This two day meeting will bring together a unique combination of scientists, clinicians and health care practitioners from the fields of human nutrition, sleep medicine and chronobiology, to examine and debate the importance and emerging roles of sleep and circadian rhythms in the origins and nutritional management of obesity.
Obesity-related disease underlies hundreds of thousands of premature deaths worldwide. Obesity originates from an imbalance in the intake and expenditure of energy and specifically from the passive over consumption of energy from food and a sedentary lifestyle which leads to an increased storage of body fat and weight gain.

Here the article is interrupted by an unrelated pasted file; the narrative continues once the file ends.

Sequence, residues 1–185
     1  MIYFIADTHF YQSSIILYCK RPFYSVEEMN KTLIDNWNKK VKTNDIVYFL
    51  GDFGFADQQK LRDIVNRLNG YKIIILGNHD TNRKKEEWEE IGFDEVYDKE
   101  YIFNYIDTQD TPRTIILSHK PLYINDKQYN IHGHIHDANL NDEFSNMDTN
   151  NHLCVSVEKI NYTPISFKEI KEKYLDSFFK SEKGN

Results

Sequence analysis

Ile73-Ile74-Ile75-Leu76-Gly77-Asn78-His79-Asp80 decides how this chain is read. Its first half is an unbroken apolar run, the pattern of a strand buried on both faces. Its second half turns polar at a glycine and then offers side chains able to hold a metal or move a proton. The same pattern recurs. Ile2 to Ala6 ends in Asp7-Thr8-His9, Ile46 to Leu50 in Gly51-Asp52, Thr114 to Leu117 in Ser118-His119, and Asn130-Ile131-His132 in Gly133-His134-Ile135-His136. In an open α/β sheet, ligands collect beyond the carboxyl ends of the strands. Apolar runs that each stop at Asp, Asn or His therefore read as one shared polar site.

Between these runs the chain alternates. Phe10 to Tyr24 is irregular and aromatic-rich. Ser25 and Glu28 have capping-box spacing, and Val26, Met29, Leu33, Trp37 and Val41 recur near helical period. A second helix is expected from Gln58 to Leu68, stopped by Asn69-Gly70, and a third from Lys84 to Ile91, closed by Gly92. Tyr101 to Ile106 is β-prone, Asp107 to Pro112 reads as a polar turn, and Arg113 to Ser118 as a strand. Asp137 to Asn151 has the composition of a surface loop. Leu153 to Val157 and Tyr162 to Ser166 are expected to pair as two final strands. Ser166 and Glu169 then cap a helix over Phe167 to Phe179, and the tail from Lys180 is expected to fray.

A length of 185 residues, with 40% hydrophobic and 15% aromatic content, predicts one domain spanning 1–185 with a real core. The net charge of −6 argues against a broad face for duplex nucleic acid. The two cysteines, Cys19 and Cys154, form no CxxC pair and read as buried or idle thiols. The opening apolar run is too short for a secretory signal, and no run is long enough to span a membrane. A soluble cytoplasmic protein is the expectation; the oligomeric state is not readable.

There is an emerging body of evidence to suggest that partial sleep deprivation may contribute to the development of obesity by influencing both the amount and type of food that we eat through effects on appetite and food choice. There is also compelling evidence to suggest that obesity may develop from a mismatch between the timing of food intake throughout the day and circadian rhythms associated with the regulation of energy balance.